Apparently the open fencing was enjoyable!
We had dinner and continued to build friendships, the informality of the evening good for burgeoning friendships. Most of the Directors retired to Mark Bertrand’s fine home for further discussions, and we were there able to view an earlier local broadcast that had featured the Symposium on the evening news, a favorable but short presentation.
SSI Advisor Session and Panel Discussion- Training Equip
On Sunday morning the advisors were gathered to field questions and hold an open discussion on equipment. Most of this discussion revolved around the difficulty in finding high quality gear, though most of the time was spent on practice weapons for Renaissance and later work, there was short discussion on armour.
Though there was some interest amongst the members for some kind of SSI recommendation, this action was set aside in favor of reviews and a more informal process to specify and review proposed new products, working both with cottage and established businesses to steadily improve the range of practice equipment available. There was neither interest nor advocacy of a single, unified code of equipment.
Longsword of Filipo Vadi
Paul MacDonald of the Dawn Duelists Society of Edinborough, Scotland taught a course on a student of Liberi’s, Filipo Vadi. Paul’s emphasis on the fluidity of work with the longsword echoed discussions and observations I’ve heard before in other medieval forums, and his execution of the class was first rate. He first started with an examination of the mental principles that coexist in the mind of a combatant, drawn from de Liberi‘s opening page. This exposition was first rate, though the medieval animals were a bit difficult to identify. Paul helped with that, adding the phrase, “A fifteenth century wolf, or leopard, or lion…”, or whatever, a humerous phrase that was often repeated. This was a very well done lecture that served to whet the appetite.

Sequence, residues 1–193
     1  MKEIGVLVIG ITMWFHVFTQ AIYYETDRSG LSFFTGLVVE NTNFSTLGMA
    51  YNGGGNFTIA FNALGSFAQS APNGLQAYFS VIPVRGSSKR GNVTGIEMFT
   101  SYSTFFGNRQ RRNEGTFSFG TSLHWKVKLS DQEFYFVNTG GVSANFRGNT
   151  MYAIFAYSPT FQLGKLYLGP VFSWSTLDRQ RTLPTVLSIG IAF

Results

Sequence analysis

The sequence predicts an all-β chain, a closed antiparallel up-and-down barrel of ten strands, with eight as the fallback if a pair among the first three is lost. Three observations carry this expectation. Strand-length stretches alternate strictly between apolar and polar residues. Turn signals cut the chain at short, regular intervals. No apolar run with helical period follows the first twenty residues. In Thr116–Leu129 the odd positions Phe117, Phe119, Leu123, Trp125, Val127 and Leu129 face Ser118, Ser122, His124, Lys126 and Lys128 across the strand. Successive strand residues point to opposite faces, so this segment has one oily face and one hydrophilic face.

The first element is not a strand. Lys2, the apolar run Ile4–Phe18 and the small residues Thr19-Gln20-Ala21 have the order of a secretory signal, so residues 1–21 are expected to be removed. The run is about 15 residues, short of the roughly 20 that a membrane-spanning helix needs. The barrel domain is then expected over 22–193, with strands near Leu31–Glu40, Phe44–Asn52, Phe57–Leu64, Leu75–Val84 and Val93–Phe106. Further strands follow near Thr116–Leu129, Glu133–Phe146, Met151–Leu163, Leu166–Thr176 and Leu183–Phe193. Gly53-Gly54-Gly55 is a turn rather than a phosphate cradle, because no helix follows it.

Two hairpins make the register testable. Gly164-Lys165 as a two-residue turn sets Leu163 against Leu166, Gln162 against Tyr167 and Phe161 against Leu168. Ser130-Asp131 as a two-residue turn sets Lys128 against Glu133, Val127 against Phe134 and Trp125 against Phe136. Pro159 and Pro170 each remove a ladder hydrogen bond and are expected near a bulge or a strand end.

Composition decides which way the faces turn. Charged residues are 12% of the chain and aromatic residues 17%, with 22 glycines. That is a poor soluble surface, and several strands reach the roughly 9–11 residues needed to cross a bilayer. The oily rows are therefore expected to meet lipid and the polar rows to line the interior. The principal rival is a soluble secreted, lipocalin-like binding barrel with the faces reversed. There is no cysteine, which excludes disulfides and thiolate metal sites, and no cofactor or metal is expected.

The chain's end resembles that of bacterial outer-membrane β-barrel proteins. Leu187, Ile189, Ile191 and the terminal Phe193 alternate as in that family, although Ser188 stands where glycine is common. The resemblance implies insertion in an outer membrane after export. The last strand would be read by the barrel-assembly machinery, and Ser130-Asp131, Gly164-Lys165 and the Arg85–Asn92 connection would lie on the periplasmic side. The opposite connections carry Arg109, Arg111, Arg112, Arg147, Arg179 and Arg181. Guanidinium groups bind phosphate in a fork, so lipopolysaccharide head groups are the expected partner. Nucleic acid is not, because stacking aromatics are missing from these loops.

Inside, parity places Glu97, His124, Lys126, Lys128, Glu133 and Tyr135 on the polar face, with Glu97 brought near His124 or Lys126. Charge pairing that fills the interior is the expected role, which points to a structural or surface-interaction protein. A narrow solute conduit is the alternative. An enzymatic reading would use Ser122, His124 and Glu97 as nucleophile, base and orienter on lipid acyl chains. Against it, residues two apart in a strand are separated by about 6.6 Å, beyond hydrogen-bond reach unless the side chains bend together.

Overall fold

The Spear – Swordsman’s Nightmare
John Clements then taught a class on the use of the spear, a weapon that some of you know as near and dear to my heart, at least when it comes to melee engagements. The demonstration was well done, although I admit some difference with the thesis that a longswordsman and a spearman, equally skilled, the outcome would generally favor the spearman. That aside, the thesis was well supported with demonstrations and John showed very good skills with both spear and longsword; the basic tactical parameters of a longsword/spear encounter were well laid out, and some interesting tricks demonstrated.
La Verdadera Destreza
I never thought I would pick up a Rapier. Given the fluidity, precision and relaxed nature of this nearly extinct Spanish style, however, I was quickly possessed with a desire to pick up a rapier and leap in with both feet. It was a phenomenal class, although it was clear that, as Anthony Hopkins sighed in Zorro, “This is going to take a lot of work…”
Ramon Martinez and his talented wife taught an extremely interesting course that demonstrated the elegance of the style. I managed only to learn some of the basics, not having a grounding in the rapier, but for the very first time I became enamoured with something post 1500. Curses to you Ramon!